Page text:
This month marks the publication of a new book, What Makes Biology Unique? (Cambridge University Press, 2004). Such philosophizing about science is inherently fascinating but in this case may be less interesting than the philosopher. The book is the 25th by Ernst Mayr, who was scheduled to add another significant achievement to his already prolific list shortly before this issue of Scientific American hit the newsstands: July 5 was Mayr's 100th birthday.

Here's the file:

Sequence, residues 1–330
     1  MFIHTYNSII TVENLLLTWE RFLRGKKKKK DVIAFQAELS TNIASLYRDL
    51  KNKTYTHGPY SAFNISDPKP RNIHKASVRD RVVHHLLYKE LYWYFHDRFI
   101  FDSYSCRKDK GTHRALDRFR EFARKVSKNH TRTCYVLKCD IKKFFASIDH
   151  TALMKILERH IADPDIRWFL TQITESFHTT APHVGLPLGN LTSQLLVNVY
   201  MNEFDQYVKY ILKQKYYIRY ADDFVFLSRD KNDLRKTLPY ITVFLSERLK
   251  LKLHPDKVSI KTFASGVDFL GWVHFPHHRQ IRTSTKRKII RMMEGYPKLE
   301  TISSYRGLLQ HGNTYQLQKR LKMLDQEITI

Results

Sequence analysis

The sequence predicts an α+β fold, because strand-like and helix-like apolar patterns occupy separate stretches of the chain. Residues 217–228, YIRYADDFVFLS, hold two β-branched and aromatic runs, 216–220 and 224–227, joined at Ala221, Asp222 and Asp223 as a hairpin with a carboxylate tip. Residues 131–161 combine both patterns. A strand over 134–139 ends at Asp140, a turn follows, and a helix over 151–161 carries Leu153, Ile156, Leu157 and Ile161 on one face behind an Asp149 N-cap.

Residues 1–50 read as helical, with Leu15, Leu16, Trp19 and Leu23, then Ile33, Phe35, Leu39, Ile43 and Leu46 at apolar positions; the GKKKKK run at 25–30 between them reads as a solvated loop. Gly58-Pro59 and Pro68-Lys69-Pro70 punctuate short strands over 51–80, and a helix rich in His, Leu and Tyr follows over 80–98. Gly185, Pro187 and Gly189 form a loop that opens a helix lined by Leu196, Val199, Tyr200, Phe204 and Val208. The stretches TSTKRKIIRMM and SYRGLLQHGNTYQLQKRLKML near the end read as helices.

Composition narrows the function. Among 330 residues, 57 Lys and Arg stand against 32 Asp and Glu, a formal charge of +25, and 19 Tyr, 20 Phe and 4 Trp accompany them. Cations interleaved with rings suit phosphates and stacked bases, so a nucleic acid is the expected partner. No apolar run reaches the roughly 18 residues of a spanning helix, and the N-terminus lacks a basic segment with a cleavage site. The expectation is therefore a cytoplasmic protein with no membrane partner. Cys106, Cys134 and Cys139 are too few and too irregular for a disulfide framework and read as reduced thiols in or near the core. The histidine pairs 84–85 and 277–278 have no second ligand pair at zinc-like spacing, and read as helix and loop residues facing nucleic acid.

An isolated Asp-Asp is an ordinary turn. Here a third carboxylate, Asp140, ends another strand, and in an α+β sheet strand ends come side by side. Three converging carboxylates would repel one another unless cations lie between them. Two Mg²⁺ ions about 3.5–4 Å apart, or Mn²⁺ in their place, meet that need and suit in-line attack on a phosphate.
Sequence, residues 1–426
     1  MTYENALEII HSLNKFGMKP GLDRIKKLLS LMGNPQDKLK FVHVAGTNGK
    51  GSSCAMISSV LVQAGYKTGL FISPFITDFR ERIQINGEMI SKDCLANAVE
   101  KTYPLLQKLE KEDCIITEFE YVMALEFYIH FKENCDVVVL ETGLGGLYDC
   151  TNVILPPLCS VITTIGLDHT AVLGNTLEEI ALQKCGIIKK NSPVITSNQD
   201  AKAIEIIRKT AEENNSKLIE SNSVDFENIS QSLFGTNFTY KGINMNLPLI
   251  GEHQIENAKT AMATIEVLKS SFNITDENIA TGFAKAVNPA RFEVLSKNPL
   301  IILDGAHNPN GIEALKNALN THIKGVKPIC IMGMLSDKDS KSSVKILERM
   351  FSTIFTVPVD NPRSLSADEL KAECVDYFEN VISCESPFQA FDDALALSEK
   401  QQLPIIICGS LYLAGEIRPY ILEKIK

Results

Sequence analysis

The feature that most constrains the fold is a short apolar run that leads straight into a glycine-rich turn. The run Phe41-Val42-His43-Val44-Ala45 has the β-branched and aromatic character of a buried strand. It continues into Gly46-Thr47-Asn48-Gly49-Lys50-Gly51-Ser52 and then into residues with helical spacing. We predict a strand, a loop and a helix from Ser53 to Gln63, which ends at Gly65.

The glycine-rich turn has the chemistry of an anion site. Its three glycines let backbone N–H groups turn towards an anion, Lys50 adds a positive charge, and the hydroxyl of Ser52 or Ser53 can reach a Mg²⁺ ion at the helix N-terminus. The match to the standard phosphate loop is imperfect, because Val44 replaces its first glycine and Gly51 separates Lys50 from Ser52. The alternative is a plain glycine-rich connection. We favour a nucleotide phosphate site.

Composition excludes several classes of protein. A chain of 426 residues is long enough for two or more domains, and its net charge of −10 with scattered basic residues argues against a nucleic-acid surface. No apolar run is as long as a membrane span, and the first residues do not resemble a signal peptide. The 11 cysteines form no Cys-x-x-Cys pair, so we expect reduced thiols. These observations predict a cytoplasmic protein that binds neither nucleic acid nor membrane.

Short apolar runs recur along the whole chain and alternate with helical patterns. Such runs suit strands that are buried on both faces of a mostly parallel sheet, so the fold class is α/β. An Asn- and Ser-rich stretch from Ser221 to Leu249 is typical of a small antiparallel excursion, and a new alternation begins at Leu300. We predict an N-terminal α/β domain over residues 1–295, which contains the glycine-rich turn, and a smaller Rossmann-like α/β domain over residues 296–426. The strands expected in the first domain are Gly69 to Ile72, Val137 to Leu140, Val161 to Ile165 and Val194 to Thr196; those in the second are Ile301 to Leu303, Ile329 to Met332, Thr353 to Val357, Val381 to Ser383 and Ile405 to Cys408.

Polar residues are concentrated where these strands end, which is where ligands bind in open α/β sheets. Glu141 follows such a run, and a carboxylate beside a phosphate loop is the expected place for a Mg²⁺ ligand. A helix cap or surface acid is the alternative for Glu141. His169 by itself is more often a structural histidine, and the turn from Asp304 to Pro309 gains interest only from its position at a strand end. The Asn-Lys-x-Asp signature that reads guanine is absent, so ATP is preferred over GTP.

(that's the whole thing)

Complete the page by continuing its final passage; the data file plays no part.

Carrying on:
On May 10 the Museum of Comparative Zoology (MCZ) at Harvard University, Mayr's research home for the past 50 years, held a symposium/slightly premature¿birthday bash in his honor. I arrived early and found the Geology Lecture Hall still mostly empty. A few minutes later an exceedingly elderly gent, not Ernst, slowly ambled in and did a cost-benefit analysis on the available seats. I overheard him say to no one in particular, "I need a place close enough so I can hear but not so close that I'll be a distraction when I fall asleep." This ¿minence grise was later introduced to the crowd as one of Mayr's former students.
This article was originally published with the title One Hundred Years of Magnitude.